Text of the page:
Too many magazines?

Having a big move around in the bedroom that acts as my study cum
radio room, and thumbing through some Model Engineers from
60 years ago, when that mag was full of models, tooling, boats
and aviation, and a good all-round read.
Now we have Model Engineer, Engineering in Miniature, Model
Engineer's Workshop, Model Boats and goodness knows what else.
Each of these magazines today is very thin with little content and
very few advertisements. Model Engineer's Workshop is a case in point
for although it started off well, it has now degenerated to a beginner's
journal with articles on how to file a piece of metal, etc.
Is the time ripe for a merging back into a single worthwhile model
engineering monthly?
Reply to
gareth
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But they'd have less advertising space, which is all they care about !
Andrew
Reply to
Andrew Mawson
But the companies who advertise must have a finite budget so rates must go down.
I suspect part of the reason some people buy so many magazines is a substitute for actually doing the related activity.
Someone I used to work with was an avid builder of model steam engines. I remember him telling me that the hobby had 'groupies' who would buy the various castings for wheels, have the workshop,.....etc. but never actually built an engine. Presumably these are the ideal customers for the many magazines.
Of course, the same is true of other hobbies.
Reply to
Brian Reay
Brian Reay on Mon, 1 Feb 2016 12:04:45 -0000 (UTC) typed
"But one of these days, when I have the time ...."
-- pyotr filipivich The fears of one class of men are not the measure of the rights of another. -- George Bancroft
Reply to
pyotr filipivich
I think there is a place for instruction in things like filing as few places run practical engineering courses anymore. One of my lecturers showed me how to file an external radius and it was counter intuitive but//I appreciated being shown and haven't forgotten, I questioned why I hadn't been shown before and was told I was there to become an engineer not a fitter. Other issues with magazines getting repetitive, if you subscribe long enough, is there is only so much to write about. I used to subscribe to Practical Classics but stopped when they started to rehash the same old subjects. I know my neighbour subscribes to ME and another, I think MEW, and he has done for decades so will see what he thinks when back off holiday. He has lent me the ME recently because of the article on CNC.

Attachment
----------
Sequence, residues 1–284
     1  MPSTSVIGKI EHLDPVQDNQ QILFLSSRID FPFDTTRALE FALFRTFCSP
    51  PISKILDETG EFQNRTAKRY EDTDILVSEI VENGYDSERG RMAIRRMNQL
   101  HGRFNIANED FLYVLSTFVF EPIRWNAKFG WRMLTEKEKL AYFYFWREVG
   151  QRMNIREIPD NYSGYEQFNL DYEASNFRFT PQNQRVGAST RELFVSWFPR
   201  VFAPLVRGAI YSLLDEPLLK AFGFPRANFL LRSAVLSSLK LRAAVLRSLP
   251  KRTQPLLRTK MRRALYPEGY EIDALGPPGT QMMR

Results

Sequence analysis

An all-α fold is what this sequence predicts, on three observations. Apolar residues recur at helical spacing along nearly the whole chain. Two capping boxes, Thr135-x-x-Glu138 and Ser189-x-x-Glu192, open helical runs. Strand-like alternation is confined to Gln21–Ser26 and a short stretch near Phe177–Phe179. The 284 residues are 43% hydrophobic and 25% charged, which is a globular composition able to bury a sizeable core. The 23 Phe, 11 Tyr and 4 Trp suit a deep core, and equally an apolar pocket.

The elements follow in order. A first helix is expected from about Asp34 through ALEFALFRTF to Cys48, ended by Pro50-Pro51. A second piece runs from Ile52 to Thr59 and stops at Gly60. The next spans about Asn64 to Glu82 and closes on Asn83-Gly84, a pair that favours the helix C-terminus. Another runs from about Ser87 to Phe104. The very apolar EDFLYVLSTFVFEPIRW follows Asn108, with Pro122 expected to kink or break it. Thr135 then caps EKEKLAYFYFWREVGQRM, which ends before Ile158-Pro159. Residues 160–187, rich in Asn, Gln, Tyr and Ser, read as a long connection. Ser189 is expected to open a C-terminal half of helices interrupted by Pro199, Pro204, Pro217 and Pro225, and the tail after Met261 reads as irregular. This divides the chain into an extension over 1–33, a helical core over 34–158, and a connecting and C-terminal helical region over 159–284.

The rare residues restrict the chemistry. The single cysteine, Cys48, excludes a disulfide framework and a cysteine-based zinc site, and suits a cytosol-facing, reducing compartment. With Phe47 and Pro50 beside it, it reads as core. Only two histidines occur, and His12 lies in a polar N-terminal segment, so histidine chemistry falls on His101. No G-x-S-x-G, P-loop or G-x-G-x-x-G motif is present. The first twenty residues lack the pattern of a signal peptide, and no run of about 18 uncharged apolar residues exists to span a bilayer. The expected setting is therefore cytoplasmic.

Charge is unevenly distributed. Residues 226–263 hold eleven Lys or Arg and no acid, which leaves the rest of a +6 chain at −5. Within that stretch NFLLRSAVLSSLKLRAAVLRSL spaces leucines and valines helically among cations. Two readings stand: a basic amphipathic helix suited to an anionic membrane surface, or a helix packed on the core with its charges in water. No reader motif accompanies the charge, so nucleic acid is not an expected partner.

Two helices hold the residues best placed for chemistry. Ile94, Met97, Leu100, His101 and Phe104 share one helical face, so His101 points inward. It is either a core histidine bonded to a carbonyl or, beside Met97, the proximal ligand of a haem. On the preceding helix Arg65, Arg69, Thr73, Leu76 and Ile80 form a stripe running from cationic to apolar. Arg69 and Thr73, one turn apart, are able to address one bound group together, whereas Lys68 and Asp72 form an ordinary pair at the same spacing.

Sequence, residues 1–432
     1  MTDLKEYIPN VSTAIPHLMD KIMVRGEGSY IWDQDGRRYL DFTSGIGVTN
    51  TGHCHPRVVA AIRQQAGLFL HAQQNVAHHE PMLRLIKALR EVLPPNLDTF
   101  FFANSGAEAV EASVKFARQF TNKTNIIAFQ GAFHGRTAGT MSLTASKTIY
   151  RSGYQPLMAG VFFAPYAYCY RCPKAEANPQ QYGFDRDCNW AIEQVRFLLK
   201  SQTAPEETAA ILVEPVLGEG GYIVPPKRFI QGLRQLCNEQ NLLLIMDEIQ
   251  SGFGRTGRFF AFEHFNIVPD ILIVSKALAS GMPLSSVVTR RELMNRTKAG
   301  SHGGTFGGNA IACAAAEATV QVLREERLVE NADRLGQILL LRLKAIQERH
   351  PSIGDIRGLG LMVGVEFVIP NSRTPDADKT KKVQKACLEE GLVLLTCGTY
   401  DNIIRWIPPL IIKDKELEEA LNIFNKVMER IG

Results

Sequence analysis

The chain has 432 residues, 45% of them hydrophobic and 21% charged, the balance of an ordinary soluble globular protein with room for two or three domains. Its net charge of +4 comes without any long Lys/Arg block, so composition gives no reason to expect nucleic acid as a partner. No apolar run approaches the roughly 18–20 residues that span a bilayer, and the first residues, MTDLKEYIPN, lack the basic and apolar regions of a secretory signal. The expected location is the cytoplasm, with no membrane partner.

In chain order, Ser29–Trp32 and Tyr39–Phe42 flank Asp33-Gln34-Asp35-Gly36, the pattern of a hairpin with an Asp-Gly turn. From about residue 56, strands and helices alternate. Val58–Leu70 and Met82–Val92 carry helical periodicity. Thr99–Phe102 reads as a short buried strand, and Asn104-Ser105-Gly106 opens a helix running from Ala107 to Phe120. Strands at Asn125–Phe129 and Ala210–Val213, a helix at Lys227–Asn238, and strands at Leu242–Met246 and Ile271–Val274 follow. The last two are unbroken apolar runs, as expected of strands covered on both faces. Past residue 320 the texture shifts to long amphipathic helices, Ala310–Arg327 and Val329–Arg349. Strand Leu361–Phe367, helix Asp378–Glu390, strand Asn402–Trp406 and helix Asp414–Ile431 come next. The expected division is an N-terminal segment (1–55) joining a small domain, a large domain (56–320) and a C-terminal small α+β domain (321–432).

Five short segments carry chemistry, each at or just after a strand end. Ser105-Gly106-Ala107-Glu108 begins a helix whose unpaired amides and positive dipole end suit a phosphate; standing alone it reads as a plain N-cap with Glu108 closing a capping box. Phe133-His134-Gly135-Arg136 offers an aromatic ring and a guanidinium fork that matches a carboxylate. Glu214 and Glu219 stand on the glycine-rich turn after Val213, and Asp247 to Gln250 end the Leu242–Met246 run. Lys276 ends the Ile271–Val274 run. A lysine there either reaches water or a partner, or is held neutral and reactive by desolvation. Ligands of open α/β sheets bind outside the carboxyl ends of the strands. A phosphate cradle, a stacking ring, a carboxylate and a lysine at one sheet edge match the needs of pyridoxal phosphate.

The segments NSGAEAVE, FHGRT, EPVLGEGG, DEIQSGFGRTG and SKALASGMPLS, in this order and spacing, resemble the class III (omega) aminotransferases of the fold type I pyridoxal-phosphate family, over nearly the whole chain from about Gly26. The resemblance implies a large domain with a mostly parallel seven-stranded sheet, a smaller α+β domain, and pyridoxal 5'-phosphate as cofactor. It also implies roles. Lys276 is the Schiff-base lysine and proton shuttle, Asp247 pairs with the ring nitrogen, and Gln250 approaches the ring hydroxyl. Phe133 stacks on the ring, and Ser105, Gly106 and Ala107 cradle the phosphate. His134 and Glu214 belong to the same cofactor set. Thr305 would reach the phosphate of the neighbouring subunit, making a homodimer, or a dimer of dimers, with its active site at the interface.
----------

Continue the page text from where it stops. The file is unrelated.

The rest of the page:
Reply to
David Billington
Valid to a point. However, in hobbies you do hear of cases where someone has (supposedly) been building something or other for decades, either with no sign of any progress, or perhaps the occasional repeated 'progress report'. "Made the last 4 'widgets' last week, waiting for brass to make the wim-wams. "
Then there are those who simply buy, say, a model steam engine built by someone else and claim to have built it. Rather like stopping off at the fishmongers to buy your 'catch' when going fishing for the day.
I like the quote.
Reply to
Brian Reay
Brian Reay on Tue, 2 Feb 2016 09:12:04 -0000 (UTC) typed
Yes. OTOH, Rich had retired, and was showing us around. Out in the barn he had one car almost done, "and here" he said pulling back a canvas tarp, "are the parts for the next one, when I get some time." He was in his eighties, iirc.
Reply to
pyotr filipivich
Good luck to him ;-)
Keeping busy is supposed to help ensure a longer retirement.
Reply to
Brian Reay
I agree with you. I used to read Model Engineer from way back when, and collected many old copies, which I still read often - they are full of useful and varied projects and information. When their website started up, I used to post to that, and once made exactly your point in their forum. The resulting abuse led me to cancel my subscription. The site is now apparently monopolised by a small number of people with apparently little interest in 'trying things for themselves' - only in airing their opinions (over and over again). The point made in this thread about advertising is also valid - thank god for adblock (but they are getting around that nowadays)
Reply to
an_other
If you are using Firefox or Chrome try ublock origin, much better than Adblock.
formatting link
Reply to
mick
Thanks for the tip, Mick. I've been having an argument with a well-known national online about their policy of blocking access if I use Adblock, then today I read that Adblock management is in talks to allow more of these verminous advertisers to bypass their Adblock tool (They seem to have missed the point of an Adblocker), so today I dumped Adblock, and installed Origin - much better. The only thing is, I wonder how long it will be before these internet trash pushers find a way round Origin.
Reply to
an_other
I used someone else's computer the other day with no ad blocker and the experience of most of the web sites I went to was horrendous. OK, I do agree that some web sites need ads to generate partial revenue but the ads on one site obliterated the underlying information, so what is the point of having a nice web site if their customers cannot see the content for trash.
Reply to
mick
Can't get the staff?
Reply to
RustyHinge
/snippage/
When I was about 7 or 8, grandparents took me to Southend, where I was going to fish off the end of the pier (with a handline).
Knowing *exactly* what I was doing, and also knowing I wasn't going to fool anyone, I bought a kipper from a fish stall, and at the hour of collection, attached it to my line.
I can't remember whether the kipper went home with me: it was 1947 or 1948, after all.
Wasn't fish rationed then?
Reply to
RustyHinge

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